The Oregon Department of Agriculture said the county did not submit paperwork, to the department on time.
It would’ve extended the moratorium for a year.
The Department of Agriculture tells us Josephine County will not be granted a moratorium on new hemp permits.
They said the county submitted paperwork to the state’s Office of Emergency Management, not their department.
However, Josephine County is telling us a different story.
The county’s legal counsel, Wally Hicks, said they filed it correctly and OEM is the one responsible for handing it over to the department of agriculture.
In November, county commissioners voted to extend the moratorium on new hemp permits through 2023.
The paperwork had to be submitted by January 1.
Well Josephine County appears to have missed their deadline, Jackson County did not.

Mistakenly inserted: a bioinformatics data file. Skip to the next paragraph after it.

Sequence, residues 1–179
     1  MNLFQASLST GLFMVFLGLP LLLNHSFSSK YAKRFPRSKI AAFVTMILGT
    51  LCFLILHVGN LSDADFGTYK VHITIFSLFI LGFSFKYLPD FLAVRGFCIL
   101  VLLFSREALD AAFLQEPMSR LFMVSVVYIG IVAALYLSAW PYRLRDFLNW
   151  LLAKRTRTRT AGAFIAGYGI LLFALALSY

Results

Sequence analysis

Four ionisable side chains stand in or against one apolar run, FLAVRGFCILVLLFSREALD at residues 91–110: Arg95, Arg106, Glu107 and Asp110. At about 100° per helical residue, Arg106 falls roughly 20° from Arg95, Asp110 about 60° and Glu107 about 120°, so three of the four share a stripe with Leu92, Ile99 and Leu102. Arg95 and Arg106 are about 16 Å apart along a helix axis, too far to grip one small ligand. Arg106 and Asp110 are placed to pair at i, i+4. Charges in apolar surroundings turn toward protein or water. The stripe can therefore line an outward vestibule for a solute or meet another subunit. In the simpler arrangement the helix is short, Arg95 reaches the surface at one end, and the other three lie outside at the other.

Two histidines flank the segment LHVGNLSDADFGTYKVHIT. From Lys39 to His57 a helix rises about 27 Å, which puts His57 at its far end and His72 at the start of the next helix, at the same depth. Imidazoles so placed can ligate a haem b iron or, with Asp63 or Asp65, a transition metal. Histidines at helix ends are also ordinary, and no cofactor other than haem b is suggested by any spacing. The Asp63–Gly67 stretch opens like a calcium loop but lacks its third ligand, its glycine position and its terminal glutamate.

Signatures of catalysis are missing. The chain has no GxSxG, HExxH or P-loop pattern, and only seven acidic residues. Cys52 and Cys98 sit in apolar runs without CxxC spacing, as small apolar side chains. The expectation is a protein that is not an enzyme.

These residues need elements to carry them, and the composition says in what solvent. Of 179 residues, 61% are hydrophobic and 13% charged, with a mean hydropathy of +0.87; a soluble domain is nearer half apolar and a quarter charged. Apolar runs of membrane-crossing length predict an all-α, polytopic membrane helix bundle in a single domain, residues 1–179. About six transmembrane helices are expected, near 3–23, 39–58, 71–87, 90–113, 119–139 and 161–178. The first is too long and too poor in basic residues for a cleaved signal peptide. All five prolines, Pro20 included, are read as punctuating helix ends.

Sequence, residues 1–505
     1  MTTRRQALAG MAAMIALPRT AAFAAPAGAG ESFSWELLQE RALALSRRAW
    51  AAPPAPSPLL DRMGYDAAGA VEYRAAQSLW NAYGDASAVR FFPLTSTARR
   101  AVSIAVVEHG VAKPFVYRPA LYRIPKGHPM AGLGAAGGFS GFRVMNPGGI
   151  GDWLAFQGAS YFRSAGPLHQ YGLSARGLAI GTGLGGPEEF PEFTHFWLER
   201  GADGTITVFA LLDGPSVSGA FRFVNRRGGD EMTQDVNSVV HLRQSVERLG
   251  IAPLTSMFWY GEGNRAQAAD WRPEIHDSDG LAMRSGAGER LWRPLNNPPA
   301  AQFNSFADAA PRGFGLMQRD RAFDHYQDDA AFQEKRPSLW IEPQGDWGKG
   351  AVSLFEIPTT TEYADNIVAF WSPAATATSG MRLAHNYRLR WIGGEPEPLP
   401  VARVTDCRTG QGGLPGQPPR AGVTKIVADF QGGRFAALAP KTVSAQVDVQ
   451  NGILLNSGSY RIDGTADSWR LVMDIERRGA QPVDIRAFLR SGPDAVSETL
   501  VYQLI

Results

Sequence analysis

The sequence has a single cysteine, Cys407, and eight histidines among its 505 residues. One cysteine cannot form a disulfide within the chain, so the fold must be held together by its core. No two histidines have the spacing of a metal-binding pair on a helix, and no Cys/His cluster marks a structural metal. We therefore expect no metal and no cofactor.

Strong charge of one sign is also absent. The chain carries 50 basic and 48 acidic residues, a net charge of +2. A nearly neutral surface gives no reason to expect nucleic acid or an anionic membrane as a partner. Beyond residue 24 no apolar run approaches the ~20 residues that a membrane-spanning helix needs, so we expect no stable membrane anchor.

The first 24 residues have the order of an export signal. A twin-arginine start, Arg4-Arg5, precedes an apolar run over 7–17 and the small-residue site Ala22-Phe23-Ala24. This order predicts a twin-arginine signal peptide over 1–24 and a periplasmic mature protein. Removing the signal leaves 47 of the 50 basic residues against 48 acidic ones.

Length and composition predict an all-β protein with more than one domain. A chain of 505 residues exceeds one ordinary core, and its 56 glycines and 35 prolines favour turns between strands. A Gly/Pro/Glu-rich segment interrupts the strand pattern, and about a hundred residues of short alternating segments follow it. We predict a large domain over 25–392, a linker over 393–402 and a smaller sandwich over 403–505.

It will have a moratorium on new permits for 2023.
County officials are hoping to reduce illegal marijuana grows, as they say hemp is often used as a cover for illegal operations.
In December, county commissioner Dave Dotterer explained why counties can implement this emergency declaration.
“With the number of grows we have in this county, it’s a tremendous amount of work and it’s basically overloaded our system,” he said. “So what this does, at least it doesn’t get any bigger, that’s the number one thing it does. You have to declare an emergency, the board of commissioners has to declare an emergency.”
The Department of Agriculture tells us its investigated the situation in Josephine County, putting a hold on new permits temporarily, but we’re told they don’t have the legal authority to stop new permits without the proper paperwork from the county.
That means right now, there is no longer a moratorium for hemp permits in Josephine County, for the time being.
Josephine County Sheriff Dave Daniel declined to comment on the news.
As of right now, the state said they have not seen a huge increase in new permits.
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